It’s been six years since you last worked in an office environment
. You took time off to start a family and now that the kids have started school, you’re yearning to make a career comeback. But it’s daunting. Where do you start? How do you explain the gap in your CV? Who will be willing to hire you after such a long break?
There’s a stigma that’s attached to people who take a career break. People wrongly assume that you no longer possess the skills to do the job and are a liability to the company. A recent study conducted by UNSW revealed that 51%
of women were lacking confidence, which prevented them from getting ahead in their careers after a break. But hitting the pause button on your job is more common than you think.
According to the Australian Bureau of Statistics
, 4% of employees
have taken a career break for six months or more, with 73% of this population
being women who did so for “family reasons”.
While making a career comeback is not easy, it’s still possible. Here are some ways that can help you climb that career ladder again:
4 tips on how to make a comeback after a career break
- Refresh your skills.
- Update your CV.
- Reach out and network.
- Seek a Returnship program.
1. Refresh your skills.
The first thing you need to do is take a step back and assess your situation and career path. Do you have the skills to do the job? If you’ve previously worked in a rapidly changing field such as IT
, medicine or online marketing, you need to update your skills before re-entering the workplace.
Getting your certification up to speed can help you gain valuable know-how and will show potential employers you are proactively staying abreast of industry
changes. By enrolling in an accredited course, it will give you the opportunity to re-qualify with a relevant qualification in your desired industry.
Upskilled has many courses
in various industries, which are perfect for those wanting to kickstart their knowledge. Besides enrolling in a course, you can also do volunteer work
in your chosen field, join a particular association/body, read the latest industry news and stay engaged on professional social media channels like LinkedIn to demonstrate that you have taken steps to re-engage in your field.
2. Update your CV.
While many people wonder how to address the career break in their CV, many choose to ignore it altogether. However, it’s suggested that you should include this career gap in your resume
People leave the workforce temporarily for different reasons. Some do it voluntarily (e.g. starting a family, taking a sabbatical), while others do it involuntarily (caring for an aged parent, being made redundant
There is no need to hide your career gap. Instead, make sure you can explain it verbally in case you need to do so for a job interview
, as well as on paper in your CV.
Be clear on what you did during your break and why you decided it was the right thing for you. Explain why you have decided to re-join the workforce and highlight your skills, drive and focus. You need to have a clear explanation for the gap but refrain from giving too many details or getting too personal.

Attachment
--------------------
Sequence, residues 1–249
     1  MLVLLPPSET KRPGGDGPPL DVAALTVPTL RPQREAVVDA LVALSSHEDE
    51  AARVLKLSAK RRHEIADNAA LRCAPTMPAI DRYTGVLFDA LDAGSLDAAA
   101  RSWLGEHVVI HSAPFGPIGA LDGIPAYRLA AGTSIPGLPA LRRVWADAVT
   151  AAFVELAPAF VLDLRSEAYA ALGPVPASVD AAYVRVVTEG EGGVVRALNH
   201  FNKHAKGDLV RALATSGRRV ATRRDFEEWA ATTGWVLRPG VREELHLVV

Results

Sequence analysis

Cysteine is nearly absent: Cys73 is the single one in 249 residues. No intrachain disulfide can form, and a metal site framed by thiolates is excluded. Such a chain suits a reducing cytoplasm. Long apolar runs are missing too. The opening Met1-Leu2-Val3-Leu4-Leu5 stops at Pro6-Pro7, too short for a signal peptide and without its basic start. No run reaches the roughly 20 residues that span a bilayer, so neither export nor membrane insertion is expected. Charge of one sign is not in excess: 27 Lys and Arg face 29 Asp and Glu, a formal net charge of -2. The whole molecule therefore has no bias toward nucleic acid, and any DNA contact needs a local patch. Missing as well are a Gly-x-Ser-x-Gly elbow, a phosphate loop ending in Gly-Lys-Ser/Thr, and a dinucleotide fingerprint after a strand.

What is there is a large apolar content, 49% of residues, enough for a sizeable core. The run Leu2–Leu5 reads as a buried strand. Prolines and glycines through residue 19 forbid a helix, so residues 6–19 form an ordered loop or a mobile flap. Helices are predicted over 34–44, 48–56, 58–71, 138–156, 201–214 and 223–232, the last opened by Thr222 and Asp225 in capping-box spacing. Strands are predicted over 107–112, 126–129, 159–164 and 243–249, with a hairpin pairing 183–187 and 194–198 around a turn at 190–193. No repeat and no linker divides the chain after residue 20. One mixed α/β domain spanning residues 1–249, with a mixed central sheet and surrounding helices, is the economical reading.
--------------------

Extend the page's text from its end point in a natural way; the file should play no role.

3. Reach out and network.
You need social credibility to find a job after a long break and the best way to gain this is through people you already know. Network, network and network. Use your existing connections – reach out to old colleagues
, bosses, family and friends and let them know you’re ready to return to work. Who knows, they might have an opening for you, know somebody who does, or point you in the right direction.
Step out of your comfort zone and attend industry events like conferences, seminars and workshops. They offer great networking opportunities
because you never know who you’ll meet there and what they can lead to. Also, make sure you are active on social media, especially on professional sites like LinkedIn.
4. Seek a Returnship program.
Today, more and more companies are offering “Returnships”
to attract people who have been out of the workforce for an extended period of time. As the name suggests, these schemes are a fantastic way for people to get back to a career they have previously worked in.
It also gives them a chance to switch to an allied career
which makes use of their transferable skills. These Returnship programs give returning staff structured support and mentoring to help them readjust to being back at work, while utilising the valuable experience and potential that mid-career level people bring to the job.
It has a positive trickle-down effect not just on the organisation but on the economy too, since it sends a message that people can – and should – take extended leave and will be valued when they are ready to return to the workforce
Ready to make a career comeback?
If you’re ready to return to work, make sure you have the necessary qualifications that will help you learn the skills you need and secure your dream job. Upskilled has over 80 qualifications which are Nationally Recognised
in various industries such as IT, marketing, logistics, human resources and community services. These flexible online courses
can be completed in 12 months or less, depending on your progress. Speak to an education consultant today on 1300 009 924.
Alison Rodericks has been writing for as long as she can remember. Rambling adventure stories as a child gave way to newspaper articles which have now morphed into online posts. She is passionate about punctuation, her kids, sustainability and burgers – though not necessarily in that order.